• Suffered from Analysis Paralysis – continually re-analysed a situation instead of moving forward?

If you answered yes to the above, you’re probably a business analyst. So what steps can you take to promote the delivery of analysis that is relevant, has a clear purpose, and is available at the point-of-need? Perhaps there are some lessons to be learnt from agile delivery.

A distinction is often made between agile and “other” business analysis techniques. However, many of the techniques that are used to organise and prioritise work in agile projects can be employed more generally. This article summarises agile principles and techniques that can be used to plan work, manage stakeholder expectations, and focus on the delivery of real value – regardless of the delivery environment… agile, waterfall, other or undefined.

1. Definition of Done

The Definition of Done is a list of criteria which must be met before a work item (usually a user story) is considered “done.” In agile delivery, the criteria are agreed by the agile team prior to commencing work. Once a work item meets the criteria, it is considered done – and “done” means done!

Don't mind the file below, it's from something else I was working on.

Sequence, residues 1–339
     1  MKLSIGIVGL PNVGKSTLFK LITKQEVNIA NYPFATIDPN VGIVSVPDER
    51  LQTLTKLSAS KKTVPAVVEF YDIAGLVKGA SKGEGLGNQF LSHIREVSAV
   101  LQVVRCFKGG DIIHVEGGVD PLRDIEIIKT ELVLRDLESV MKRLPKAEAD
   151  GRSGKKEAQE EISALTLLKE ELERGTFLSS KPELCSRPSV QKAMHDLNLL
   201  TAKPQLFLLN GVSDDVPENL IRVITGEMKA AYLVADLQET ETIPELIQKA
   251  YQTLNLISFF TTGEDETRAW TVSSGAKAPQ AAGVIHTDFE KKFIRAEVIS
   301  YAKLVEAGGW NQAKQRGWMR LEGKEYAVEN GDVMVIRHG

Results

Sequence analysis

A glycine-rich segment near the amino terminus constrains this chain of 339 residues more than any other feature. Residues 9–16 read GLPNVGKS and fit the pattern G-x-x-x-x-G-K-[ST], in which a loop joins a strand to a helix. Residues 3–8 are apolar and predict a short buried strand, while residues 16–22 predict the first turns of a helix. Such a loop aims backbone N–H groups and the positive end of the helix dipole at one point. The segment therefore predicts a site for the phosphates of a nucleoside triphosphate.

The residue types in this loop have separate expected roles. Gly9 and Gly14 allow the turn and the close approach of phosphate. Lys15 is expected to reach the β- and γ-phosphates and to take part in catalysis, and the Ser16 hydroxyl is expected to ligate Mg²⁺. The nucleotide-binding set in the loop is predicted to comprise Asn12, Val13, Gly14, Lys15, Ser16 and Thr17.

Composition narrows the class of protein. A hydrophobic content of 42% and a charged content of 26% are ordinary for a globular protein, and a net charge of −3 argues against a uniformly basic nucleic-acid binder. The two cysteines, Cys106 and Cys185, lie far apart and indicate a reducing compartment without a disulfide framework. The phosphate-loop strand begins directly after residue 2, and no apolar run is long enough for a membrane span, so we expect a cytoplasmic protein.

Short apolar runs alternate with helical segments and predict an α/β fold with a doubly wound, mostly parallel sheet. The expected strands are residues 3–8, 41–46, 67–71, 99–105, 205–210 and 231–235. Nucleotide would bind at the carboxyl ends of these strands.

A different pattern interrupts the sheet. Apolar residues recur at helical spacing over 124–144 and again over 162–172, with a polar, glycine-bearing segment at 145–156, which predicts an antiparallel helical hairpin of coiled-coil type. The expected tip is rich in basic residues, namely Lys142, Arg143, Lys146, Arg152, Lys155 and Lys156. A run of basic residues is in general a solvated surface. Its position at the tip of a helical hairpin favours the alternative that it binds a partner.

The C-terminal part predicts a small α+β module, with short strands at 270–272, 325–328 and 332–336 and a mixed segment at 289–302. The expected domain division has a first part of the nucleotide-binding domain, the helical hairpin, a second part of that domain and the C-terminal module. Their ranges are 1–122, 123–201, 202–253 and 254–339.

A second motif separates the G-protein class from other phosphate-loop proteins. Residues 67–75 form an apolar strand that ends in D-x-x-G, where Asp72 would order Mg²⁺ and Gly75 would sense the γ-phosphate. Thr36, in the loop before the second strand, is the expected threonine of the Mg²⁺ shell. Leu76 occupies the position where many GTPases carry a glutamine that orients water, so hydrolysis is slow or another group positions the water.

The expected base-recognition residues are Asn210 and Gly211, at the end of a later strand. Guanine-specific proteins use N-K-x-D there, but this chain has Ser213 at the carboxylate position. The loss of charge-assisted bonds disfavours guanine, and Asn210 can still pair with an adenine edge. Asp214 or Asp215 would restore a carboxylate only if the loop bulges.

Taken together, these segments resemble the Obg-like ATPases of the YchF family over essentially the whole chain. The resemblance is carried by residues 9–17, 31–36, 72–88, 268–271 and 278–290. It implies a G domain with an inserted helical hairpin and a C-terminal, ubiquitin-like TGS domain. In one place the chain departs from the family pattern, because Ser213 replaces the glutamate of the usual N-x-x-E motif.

The idea of “done” can be expanded to work performed outside of agile projects. Agreeing a Definition of Done with relevant stakeholders is a good way to set and manage expectations and identify priorities, prior to commencing work. This can promote more focussed analysis by providing a clear end-point, reducing the risk of both over-analysis and scope creep.

2. Relative Estimation

In agile delivery, effort is a relative measure. Effort is measured by comparing tasks and assigning points. Each task is assigned a single point value (usually a number from the Fibonacci sequence) individually by each agile team member to denote how much effort they believe the task requires. Tasks that are considered more onerous compared to others are assigned a higher number of points, while tasks that are considered comparable are assigned the same number of points.  Where individual point values differ, the team discuss the reasons why to reach a consensus value. As tasks are completed over the course of an initiative, the actual effort-to-point ratio becomes apparent leading to more accurate estimates.